Albert Pike published a book called Morals and Dogma of the Ancient and Accepted Scottish Rite of Freemasonry in 1871, the first of several editions.


Albert Pike researched and wrote the seminal treatise Indo-Aryan Deities and Worship as Contained in the Rig-Veda.


Albert Pike wrote another book, Maxims of the Roman Law and Some of the Ancient French Law, as Expounded and Applied in Doctrine and Jurisprudence.

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Albert Pike returned to Arkansas in 1857, gaining some amount of prominence in the legal field.


Albert Pike was commissioned as a brigadier general in the Confederate States Army on November 22,1861, and given a command in the Indian Territory.


Ben McCulloch, Albert Pike trained three Confederate regiments of Indian cavalry, most of whom belonged to the "civilized tribes", whose loyalty to the Confederacy was variable.


Thomas C Hindman charged Pike with mishandling of money and material, ordering his arrest.


The incident arose when Hindman, who had declared martial law in Arkansas, ordered Albert Pike to turn over weapons and Native American Indian treaty funds.


On June 24,1865, Albert Pike applied to President Andrew Johnson for a pardon, disowning his earlier interpretation of the US Constitution.


Albert Pike said he now planned "to pursue the arts of peace, to practice my profession, to live among my books, and to labour to benefit my fellows and my race by other than political courses".


Albert Pike died on April 2,1891, in at the Scottish Rite Temple of the Supreme Council in Washington DC, at the age of 81, and was buried at Oak Hill Cemetery, despite the fact that he had left instructions for his body to be cremated.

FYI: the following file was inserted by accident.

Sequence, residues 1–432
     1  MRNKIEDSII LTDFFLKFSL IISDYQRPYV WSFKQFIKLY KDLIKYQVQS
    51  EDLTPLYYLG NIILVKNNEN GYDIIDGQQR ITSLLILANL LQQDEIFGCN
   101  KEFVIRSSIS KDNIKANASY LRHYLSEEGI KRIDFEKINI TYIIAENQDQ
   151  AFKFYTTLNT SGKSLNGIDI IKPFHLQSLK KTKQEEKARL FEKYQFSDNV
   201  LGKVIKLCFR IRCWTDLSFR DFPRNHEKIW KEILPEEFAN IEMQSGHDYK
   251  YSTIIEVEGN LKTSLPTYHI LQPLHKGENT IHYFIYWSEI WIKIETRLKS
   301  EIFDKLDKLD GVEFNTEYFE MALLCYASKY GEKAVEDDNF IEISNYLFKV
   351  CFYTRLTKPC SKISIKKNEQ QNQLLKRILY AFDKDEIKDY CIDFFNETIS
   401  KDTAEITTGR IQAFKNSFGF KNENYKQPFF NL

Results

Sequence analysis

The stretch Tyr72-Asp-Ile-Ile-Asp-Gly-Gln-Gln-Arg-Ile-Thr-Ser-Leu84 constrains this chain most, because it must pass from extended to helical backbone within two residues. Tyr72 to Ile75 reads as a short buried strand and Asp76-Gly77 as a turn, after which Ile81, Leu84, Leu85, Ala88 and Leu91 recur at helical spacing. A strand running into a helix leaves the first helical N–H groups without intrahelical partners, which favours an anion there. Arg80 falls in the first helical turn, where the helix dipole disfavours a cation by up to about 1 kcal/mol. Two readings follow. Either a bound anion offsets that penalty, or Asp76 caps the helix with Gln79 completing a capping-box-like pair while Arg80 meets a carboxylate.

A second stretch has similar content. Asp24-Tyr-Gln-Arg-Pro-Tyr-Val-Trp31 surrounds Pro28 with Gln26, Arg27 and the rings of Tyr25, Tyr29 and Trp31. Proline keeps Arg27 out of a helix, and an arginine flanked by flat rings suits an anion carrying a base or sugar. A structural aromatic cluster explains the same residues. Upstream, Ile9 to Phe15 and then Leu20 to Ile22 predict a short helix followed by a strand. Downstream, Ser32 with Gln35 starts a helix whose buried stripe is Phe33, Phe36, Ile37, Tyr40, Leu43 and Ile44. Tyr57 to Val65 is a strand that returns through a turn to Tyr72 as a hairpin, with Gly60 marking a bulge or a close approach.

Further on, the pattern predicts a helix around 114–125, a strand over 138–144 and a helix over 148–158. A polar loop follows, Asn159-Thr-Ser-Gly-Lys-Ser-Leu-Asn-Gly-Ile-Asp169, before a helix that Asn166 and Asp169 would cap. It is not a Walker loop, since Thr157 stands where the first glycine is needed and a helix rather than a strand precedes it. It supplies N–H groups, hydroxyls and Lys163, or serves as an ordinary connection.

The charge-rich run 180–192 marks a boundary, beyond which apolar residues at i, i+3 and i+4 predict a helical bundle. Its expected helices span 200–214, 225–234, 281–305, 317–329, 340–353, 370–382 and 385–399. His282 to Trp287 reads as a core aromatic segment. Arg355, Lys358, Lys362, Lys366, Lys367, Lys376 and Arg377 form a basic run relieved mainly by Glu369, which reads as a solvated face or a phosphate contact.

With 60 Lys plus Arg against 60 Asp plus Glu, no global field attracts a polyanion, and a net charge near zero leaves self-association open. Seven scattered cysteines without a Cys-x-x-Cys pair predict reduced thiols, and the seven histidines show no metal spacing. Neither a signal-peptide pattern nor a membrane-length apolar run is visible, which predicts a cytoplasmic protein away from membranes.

The House of the Temple contains numerous memorials and artifacts related to Albert Pike, including his personal library.


Albert Pike was the only former Confederate military officer with an outdoor statue in Washington, DC, and in 2019 Delegate Eleanor Holmes Norton called for its removal.


The Albert Pike Memorial Temple is an historic Masonic lodge in Little Rock, Arkansas; the structure is listed on the National Register of Historic Places.


Albert Pike Highway was an auto trail that extended more than 900 miles from Hot Springs, Arkansas, to Colorado Springs, Colorado, crossing the Ozark Mountains and passing through Fort Smith, Muskogee, Tulsa, Dodge City, La Junta and Pueblo.


Albert Pike first wrote about the Klan in an April 16,1868 editorial in the Memphis Daily Appeal, indicating that his main problems lay not with its aims, but with its methods and leadership.


Southern Agrarian poet John Gould Fletcher, who grew up in Little Rock in a house that Albert Pike built, believed Albert Pike was the poem's author.


However, the office of Grand Dragon, which Davis claims Albert Pike once held, is explicitly mentioned in the 1867 Klan constitution.


Walter Lee Brown in his 1997 biography of Albert Pike, likewise asserts that that Albert Pike was not a member of the Klan.